Netanyahu’s ex-chief of staff turns state’s witness
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Netanyahu’s ex-chief of staff turns state’s witness

In key development, Ari Harow, under investigation since 2015, signs deal; said set to offer testimony in two corruption probes involving PM

Ari Harow, former chief of staff of Prime Minister Benjamin Netanyahu, at a Likud meeting in the Israeli parliament, November 24, 2014. (Miriam Alster/Flash90)
Ari Harow, former chief of staff of Prime Minister Benjamin Netanyahu, at a Likud meeting in the Israeli parliament, November 24, 2014. (Miriam Alster/Flash90)

Ari Harow, a former chief of staff and aide to Prime Minister Benjamin Netanyahu, signed a deal on Friday to turn state’s witness as part of ongoing investigations into alleged corruption by Israel’s premier.

According to a statement from the Israel Police, Harow is expected to receive six months of community service and a NIS 700,000 fine ($193,000) on breach of trust charges in exchange for his testimony against his former boss.

News of the deal, seen by observers as a turning point in the police investigations, follows a gag order imposed Thursday on details pertaining to the case.

It came a day after Israeli police explicitly said for the first time that a number of corruption investigations involving Netanyahu deal with “bribery, fraud and breach of trust.” The police stopped short of saying that the Israeli leader was directly suspected of these crimes.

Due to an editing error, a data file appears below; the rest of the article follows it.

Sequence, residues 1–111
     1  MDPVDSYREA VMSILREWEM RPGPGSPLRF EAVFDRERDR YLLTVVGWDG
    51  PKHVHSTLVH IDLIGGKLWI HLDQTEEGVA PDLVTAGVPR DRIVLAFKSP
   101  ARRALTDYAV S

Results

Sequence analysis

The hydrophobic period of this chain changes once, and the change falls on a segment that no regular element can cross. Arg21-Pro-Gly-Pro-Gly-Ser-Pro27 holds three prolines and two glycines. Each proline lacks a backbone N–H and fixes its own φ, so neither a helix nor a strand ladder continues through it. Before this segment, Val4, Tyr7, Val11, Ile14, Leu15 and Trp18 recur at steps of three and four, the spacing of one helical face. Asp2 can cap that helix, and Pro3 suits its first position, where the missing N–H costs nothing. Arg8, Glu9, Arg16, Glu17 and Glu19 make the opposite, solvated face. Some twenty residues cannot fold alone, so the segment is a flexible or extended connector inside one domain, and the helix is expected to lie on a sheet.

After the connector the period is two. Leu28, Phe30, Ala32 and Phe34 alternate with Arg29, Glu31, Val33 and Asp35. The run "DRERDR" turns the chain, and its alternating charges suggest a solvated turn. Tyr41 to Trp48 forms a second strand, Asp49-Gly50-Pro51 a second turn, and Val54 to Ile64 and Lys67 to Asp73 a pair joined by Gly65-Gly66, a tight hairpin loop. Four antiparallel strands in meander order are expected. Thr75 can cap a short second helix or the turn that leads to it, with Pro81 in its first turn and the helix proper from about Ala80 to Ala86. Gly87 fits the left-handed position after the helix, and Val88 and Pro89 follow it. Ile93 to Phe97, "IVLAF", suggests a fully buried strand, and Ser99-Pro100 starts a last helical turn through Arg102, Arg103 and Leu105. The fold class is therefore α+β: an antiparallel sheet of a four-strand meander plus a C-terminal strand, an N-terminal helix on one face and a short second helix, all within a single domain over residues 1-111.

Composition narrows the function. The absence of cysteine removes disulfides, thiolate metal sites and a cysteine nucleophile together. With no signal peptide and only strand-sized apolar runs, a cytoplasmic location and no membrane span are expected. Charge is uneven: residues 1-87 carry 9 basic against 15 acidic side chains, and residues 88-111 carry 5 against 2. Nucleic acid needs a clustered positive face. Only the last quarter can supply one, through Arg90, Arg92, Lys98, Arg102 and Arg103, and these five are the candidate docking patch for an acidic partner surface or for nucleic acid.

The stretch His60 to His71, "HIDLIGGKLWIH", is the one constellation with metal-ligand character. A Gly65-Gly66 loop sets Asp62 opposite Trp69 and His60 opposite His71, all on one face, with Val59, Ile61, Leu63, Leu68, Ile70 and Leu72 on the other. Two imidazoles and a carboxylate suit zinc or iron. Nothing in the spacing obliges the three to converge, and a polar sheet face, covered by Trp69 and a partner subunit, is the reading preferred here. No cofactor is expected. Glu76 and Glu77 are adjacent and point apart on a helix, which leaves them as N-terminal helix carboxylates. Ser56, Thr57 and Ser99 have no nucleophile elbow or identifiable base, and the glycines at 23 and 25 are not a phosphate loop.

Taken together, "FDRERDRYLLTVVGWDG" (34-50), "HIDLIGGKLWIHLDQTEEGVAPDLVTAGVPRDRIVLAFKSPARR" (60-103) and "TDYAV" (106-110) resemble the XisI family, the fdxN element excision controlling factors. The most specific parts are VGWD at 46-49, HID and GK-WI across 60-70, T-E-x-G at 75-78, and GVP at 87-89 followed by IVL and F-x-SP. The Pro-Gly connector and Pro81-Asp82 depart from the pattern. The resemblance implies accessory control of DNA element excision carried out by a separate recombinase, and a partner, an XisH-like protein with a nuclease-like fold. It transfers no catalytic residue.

Harow has been under investigation since mid-2015 on suspicion of using his ties to Netanyahu to advance his private business interests. Police have recommended he be indicted for bribery and breach of trust in the case, but the attorney general has yet to file formal charges.

The investigations into Harow sparked at least one corruption investigation of Netanyahu himself, after investigators uncovered recordings on Harow’s computer of meetings between Netanyahu and Yedioth Ahronoth publisher Arnon Mozes in late 2014 and early 2015. In the recordings, the two seemed to discuss an illicit quid pro quo deal that would have seen the prime minister hobble a rival daily, the Sheldon Adelson-backed Israel Hayom, through Knesset legislation in return for more favorable coverage from Yedioth.

Prime Minister Benjamin Netanyahu (R) and his then-chief of staff Ari Harow arrives at a Likud faction meeting in the Knesset, November 24, 2014. (Miriam Alster/Flash90)
Prime Minister Benjamin Netanyahu (R) and his then-chief of staff Ari Harow (left) arrive at a Likud faction meeting in the Knesset, November 24, 2014. (Miriam Alster/Flash90)

That investigation, dubbed Case 2000 by police, is ongoing, as is a separate corruption investigation — Case 1000 — into allegations the prime minister received illicit gifts from billionaire benefactors.

Harow is reportedly willing to provide information in both probes, having served as chief of staff during the time of the alleged deal with Mozes and while Netanyahu is said to have received gifts worth thousands of shekels.

Publisher and owner of the Yedioth Ahronoth newspaper Arnon 'Noni' Mozes arrives for questioning at the Lahav 433 investigation unit in Lod, January 15, 2017. (Koko/Flash90)
Publisher and owner of the Yedioth Ahronoth newspaper Arnon ‘Noni’ Mozes arrives for questioning at the Lahav 433 investigation unit in Lod, January 15, 2017. (Koko/Flash90)

Harow first worked for Netanyahu as foreign affairs adviser during his stint as leader of the opposition. He then spearheaded the 2009 election campaign that catapulted Netanyahu back into office. Following the election, he served as the prime minister’s bureau chief until 2010, managing Netanyahu’s schedule and advising him on a range of issues.

Harow took a break from politics in 2010, when he founded 3H Global. He later returned as chief of staff of the Prime Minister’s Office in 2014, serving there for a year before leaving to run the 2015 election campaign for Netanyahu’s Likud party.

Times of Israel staff contributed to this report.

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